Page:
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  1. 1. INFORMATION GATHERING Adapted From Course Textbook: Systems Analysis and Design in a Changing World, 4th Edition
  2. 2. Overview <ul><li>Analysis phase of SDLC skills needed: </li></ul><ul><ul><li>Fact-finding for investigation of system requirements </li></ul></ul><ul><ul><li>Analyst should learn details of business processes and daily operations </li></ul></ul><ul><ul><li>Analyst should become as knowledgeable as business domain users to build credibility </li></ul></ul><ul><ul><li>Analyst brings fresh perspective to problem </li></ul></ul><ul><ul><li>Modeling of business processes based on system requirements </li></ul></ul>
  3. 3. The Analysis Phase in More Detail <ul><li>Gather information </li></ul><ul><li>Define system requirements </li></ul><ul><ul><li>Logical model and physical model </li></ul></ul><ul><li>Prioritize requirements </li></ul><ul><li>Prototype for feasibility and discovery </li></ul><ul><li>Generate and evaluate alternatives </li></ul><ul><li>Review recommendations with management </li></ul>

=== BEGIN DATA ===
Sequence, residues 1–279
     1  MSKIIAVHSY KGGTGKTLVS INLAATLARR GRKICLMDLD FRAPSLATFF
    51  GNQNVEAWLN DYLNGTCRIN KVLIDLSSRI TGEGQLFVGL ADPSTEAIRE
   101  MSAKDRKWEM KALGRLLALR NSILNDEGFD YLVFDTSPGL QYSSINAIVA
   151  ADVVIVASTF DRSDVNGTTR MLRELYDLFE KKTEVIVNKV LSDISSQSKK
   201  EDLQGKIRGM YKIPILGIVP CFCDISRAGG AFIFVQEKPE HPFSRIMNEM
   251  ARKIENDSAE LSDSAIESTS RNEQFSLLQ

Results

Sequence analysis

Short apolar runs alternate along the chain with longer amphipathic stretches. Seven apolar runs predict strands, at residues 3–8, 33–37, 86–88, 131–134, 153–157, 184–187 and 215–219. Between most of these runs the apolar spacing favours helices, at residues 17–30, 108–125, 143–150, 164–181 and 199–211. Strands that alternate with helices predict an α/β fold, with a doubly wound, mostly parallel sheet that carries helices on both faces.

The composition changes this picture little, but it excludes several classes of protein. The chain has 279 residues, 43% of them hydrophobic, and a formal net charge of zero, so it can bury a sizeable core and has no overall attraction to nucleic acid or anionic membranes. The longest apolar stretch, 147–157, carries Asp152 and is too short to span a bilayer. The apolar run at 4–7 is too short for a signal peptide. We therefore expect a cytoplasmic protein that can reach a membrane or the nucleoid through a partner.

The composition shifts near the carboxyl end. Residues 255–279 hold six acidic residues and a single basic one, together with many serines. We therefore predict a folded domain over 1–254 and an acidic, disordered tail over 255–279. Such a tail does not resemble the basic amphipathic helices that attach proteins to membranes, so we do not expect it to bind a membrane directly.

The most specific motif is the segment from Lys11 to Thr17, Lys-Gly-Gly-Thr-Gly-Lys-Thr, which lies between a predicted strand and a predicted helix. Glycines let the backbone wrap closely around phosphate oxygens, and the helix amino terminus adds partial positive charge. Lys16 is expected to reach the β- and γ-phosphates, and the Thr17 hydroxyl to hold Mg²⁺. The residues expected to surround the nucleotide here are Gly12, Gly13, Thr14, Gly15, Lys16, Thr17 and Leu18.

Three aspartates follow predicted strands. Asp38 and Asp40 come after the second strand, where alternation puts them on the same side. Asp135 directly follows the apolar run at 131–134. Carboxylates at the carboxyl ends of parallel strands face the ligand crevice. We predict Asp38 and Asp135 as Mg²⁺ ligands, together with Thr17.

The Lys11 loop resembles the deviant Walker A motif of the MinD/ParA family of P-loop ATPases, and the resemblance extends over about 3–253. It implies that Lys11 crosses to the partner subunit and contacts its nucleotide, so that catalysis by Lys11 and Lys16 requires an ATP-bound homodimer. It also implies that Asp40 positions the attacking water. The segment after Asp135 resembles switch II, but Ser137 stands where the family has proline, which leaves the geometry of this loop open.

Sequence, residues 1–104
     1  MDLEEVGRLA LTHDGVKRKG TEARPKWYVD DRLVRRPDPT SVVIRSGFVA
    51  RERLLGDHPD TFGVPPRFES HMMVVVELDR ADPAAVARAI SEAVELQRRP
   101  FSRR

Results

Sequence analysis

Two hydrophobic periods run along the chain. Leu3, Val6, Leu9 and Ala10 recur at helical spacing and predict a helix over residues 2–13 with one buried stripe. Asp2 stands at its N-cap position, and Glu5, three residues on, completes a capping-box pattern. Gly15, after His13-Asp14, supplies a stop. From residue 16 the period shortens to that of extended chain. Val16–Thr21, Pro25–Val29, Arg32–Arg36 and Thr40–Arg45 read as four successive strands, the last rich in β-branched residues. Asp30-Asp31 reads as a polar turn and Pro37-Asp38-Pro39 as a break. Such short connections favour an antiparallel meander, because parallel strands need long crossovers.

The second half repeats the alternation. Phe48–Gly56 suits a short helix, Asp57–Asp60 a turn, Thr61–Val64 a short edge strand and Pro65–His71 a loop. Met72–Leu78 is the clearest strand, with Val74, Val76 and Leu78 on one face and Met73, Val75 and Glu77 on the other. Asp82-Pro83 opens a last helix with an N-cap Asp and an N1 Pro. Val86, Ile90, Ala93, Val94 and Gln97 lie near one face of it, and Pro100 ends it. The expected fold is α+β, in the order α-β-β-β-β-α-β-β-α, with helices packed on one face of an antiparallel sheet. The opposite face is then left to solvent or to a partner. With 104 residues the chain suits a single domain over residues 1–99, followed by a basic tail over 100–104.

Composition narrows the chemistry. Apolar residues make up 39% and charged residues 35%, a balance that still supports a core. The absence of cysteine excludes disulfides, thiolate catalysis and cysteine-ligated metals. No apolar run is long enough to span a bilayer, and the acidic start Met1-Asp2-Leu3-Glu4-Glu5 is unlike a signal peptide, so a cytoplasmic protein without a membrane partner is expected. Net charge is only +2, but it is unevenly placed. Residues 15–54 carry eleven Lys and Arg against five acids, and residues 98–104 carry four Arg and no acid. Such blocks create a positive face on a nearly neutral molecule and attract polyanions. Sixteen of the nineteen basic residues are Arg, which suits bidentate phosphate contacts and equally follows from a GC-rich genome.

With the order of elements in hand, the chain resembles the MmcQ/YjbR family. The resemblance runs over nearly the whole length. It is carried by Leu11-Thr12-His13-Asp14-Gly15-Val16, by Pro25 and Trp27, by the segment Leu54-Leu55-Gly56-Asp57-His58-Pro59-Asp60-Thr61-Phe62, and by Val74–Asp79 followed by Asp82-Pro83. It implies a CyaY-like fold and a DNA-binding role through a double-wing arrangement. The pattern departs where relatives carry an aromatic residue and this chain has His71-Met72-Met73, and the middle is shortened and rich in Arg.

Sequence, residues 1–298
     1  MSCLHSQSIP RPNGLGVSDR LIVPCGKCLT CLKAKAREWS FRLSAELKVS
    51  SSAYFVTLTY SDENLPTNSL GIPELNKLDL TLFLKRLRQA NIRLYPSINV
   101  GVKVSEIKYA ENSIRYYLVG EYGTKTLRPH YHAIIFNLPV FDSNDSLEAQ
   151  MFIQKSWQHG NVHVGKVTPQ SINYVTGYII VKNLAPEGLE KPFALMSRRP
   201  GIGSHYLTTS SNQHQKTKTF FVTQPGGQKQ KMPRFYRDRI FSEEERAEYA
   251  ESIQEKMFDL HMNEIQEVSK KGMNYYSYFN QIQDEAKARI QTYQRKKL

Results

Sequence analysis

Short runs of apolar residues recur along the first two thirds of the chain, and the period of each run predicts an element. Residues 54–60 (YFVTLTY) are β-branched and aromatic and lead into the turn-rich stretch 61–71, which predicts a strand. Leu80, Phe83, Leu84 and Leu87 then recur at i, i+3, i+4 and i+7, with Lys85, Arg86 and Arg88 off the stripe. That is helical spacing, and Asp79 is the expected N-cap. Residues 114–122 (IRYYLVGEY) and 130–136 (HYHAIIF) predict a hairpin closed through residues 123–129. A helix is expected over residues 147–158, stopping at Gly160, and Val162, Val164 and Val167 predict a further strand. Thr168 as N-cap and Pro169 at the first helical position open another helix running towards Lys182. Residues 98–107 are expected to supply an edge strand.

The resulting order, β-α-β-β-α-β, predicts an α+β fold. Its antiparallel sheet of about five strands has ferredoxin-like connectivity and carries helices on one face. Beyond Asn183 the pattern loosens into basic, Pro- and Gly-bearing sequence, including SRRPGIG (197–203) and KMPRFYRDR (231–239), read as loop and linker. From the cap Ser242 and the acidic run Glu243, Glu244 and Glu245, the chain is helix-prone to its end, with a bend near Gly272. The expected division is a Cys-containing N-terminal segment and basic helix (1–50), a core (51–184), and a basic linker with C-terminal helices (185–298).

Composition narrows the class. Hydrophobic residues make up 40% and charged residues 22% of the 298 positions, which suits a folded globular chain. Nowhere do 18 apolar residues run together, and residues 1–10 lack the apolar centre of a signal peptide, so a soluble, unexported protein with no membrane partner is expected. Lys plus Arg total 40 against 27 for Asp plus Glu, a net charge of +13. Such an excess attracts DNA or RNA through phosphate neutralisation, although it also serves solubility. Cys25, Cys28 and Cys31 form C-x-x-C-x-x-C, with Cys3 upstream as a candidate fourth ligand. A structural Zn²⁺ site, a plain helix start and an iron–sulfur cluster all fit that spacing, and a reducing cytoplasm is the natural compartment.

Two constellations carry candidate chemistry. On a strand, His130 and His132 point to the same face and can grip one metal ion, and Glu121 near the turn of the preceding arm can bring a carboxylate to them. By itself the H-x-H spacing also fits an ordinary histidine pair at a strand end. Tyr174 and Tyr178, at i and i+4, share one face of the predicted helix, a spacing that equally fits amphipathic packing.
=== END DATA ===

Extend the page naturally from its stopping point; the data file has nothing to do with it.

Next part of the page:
4. 4. The Activities of the Analysis Phase
  5. 5. Activities of the Analysis Phase and Their Key Questions
  6. 6. Business Process Reengineering and Analysis <ul><li>Fundamental strategic approach to organizing company </li></ul><ul><li>Streamlines internal processes to be as efficient and effective as possible </li></ul><ul><li>Questions basic assumptions for doing business and seeks to find a better way </li></ul><ul><li>Uses IT as BPR enabler </li></ul><ul><li>Systems analyst may discover opportunities for process improvement </li></ul><ul><li>Any project may include components of BPR </li></ul>
  7. 7. System Requirements <ul><li>New system capabilities and constraints </li></ul><ul><li>Functional requirements are: </li></ul><ul><ul><li>Activities system must perform </li></ul></ul><ul><ul><li>Based on procedures and business functions </li></ul></ul><ul><ul><li>Documented in analysis models </li></ul></ul><ul><li>Nonfunctional requirements include: </li></ul><ul><ul><li>Operating environment or performance objectives </li></ul></ul><ul><ul><li>Usability, reliability, and security requirements </li></ul></ul>